I recently decided to purchase an app from the iPhone app store. I do not do this often but I believe that this app would be extremely useful.
The app I decided to download was SSH Term Pro. As the name suggests this is a SSH terminal app for the iPhone and iPad. Of course this makes it extremely easy to manage your server on the move. The application allows you to add unlimited amount of servers details so you can quickly and easily connect up to a server that you manage. The application also allows you to lock it down so that you can only access the application fully once you have entered a password that you had set up.
Unfortunately on investigation everything is not as good as I had hoped:While browsing through the files on my iPhone I decided to have a look where this apps files were stored. I noticed that there was a file called SSLDB.sqlite. This is of course not unusual as most apps that store data store it within an SQLite database. What is disturbing however is what I found when I opened this file.
The database contains a table called SSLSITE. This table is used to store information such as site host, username, password and port. All of this data is NOT ENCRYPTED. You did read this correctly, the data is not encrypted meaning that it is plain text and can be read by anyone who manages to gain access to your iPhone. Now what I was expecting was that the handy little password that we used earlier was actually an encryption key but unfortunately this is not the case. Regardless of whether you used a password to lock the app or not the SSH password remains unencrypted.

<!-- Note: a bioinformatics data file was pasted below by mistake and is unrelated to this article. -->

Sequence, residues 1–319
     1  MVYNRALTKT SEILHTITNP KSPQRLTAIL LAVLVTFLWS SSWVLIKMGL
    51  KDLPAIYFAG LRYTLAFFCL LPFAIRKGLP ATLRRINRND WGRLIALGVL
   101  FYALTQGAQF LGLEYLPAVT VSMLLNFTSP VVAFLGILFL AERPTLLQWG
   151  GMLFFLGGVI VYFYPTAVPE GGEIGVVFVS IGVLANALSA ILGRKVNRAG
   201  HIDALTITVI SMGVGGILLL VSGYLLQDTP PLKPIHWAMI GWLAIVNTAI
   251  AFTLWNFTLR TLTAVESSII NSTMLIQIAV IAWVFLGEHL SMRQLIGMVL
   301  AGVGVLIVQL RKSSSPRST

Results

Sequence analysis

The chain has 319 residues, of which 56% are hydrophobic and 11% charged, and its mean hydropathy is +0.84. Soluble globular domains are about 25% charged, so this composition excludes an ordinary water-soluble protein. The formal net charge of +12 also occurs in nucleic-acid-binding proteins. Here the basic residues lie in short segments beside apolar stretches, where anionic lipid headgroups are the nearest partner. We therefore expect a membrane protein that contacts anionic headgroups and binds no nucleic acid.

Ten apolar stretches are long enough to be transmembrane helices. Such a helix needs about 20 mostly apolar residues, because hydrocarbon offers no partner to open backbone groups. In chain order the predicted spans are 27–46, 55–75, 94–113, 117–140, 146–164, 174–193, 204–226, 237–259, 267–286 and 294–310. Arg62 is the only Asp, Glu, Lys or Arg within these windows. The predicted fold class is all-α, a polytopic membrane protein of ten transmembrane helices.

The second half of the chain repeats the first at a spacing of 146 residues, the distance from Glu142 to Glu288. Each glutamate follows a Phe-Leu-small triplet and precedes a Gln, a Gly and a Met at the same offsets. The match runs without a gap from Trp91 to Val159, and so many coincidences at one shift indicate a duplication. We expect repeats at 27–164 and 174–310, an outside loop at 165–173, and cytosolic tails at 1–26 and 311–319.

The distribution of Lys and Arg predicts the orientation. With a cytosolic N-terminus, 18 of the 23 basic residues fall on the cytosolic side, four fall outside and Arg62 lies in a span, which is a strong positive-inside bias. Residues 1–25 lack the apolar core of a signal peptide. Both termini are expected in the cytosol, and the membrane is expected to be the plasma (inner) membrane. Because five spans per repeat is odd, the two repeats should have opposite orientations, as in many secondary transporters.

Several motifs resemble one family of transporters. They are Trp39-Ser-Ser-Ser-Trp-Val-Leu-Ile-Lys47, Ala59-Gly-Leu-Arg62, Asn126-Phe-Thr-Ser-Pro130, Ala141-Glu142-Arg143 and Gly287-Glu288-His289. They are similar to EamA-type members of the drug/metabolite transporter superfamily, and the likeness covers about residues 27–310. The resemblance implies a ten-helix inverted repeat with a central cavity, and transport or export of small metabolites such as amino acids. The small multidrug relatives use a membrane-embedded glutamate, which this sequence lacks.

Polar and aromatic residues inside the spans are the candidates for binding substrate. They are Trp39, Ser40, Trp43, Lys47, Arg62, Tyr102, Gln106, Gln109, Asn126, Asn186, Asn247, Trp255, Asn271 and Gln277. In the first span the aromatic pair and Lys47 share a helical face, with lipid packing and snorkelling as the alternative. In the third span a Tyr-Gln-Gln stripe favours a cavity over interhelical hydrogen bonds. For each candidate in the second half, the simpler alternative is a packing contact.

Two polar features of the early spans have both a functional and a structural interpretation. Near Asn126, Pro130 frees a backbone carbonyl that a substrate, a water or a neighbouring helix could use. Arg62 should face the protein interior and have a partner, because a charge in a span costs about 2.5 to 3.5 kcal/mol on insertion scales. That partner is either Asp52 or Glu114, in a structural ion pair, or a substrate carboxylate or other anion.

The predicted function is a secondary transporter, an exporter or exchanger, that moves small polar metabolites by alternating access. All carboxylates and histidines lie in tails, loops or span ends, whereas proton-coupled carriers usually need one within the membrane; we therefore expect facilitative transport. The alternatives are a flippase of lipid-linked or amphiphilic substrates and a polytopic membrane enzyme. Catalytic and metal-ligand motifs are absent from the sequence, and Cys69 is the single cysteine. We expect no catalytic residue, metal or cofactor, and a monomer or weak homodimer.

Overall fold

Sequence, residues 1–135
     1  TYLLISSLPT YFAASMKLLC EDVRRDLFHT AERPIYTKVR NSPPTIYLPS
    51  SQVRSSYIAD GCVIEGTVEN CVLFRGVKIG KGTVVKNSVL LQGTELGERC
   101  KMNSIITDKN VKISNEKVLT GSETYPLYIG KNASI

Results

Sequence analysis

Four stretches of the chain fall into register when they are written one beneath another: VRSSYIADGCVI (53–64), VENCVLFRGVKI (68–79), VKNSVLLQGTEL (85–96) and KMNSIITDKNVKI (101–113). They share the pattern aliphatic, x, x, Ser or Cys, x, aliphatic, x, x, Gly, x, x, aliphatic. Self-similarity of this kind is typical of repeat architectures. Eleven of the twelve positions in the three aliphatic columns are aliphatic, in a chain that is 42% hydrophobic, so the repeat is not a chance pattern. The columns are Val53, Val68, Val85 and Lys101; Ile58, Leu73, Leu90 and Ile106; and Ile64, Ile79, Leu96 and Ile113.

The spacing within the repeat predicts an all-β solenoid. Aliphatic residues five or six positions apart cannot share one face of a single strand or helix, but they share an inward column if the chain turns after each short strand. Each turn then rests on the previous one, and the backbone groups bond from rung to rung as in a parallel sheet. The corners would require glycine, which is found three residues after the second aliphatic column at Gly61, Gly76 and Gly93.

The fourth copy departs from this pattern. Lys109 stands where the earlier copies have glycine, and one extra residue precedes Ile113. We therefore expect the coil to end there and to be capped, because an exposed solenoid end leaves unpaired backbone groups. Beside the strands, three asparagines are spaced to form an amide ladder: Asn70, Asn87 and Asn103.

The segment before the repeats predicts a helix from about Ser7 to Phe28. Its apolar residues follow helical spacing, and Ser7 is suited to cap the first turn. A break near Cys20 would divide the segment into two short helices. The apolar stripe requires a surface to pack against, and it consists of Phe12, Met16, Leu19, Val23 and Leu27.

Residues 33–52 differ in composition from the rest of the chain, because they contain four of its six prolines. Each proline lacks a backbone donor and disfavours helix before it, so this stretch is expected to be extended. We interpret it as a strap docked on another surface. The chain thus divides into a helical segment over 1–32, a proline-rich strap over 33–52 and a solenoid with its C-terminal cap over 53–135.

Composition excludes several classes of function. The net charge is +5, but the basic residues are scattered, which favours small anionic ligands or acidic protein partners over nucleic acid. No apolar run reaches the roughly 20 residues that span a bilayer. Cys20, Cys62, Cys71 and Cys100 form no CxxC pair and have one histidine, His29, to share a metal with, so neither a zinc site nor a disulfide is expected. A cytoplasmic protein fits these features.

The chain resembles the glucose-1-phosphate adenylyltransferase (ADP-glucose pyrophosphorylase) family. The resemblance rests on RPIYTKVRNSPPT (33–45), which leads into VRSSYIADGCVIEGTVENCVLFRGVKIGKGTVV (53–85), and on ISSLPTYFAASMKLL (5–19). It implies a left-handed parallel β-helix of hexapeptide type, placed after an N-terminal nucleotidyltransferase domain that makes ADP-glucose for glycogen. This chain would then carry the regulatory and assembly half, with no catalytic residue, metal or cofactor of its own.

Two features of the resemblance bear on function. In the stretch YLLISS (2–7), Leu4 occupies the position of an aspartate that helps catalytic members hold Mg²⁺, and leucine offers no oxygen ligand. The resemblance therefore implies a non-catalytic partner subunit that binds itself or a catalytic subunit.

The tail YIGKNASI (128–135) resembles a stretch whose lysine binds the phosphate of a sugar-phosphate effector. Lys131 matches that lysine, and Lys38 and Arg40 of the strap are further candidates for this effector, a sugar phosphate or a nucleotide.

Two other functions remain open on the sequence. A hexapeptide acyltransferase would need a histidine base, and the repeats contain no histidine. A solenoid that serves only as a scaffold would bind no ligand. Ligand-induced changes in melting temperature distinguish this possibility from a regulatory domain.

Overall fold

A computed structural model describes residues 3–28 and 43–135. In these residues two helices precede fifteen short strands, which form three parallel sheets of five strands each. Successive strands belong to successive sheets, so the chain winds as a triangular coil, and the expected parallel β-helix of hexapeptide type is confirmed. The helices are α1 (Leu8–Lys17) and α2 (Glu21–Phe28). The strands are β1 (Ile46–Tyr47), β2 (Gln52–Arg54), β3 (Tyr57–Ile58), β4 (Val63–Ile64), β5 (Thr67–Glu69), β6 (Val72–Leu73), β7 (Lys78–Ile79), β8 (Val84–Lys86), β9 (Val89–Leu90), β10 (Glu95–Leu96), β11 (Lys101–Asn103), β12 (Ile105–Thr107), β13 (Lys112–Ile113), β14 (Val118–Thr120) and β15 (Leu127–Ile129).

This may be of little concern while the iPhone is under your control however if someone manages to steal your iPhone or if they manage to hook this up to a PC or Mac without your knowledge it would be a trivial task to copy those files.
If you use this app I strongly suggest you keep an eye on the iPhone. If you lose it ensure you change that SSH password immediately. I seriously hope that this issue is fixed in the next version.
On a side note while doing this I used some nifty tools. The first of these was IExplorer. IExplorer allows you to browse the files located within your iPhone with ease (the database file for example was in iPhone/apps/ssh term pro/library/SSLDB.sqlite).
The second tool I used was SQLiteManager which allows you to load an SQLite database into it and to read, modify or create SQLite databases. The tool is not free however you can use it to view the first 20 records in a table using the demo version.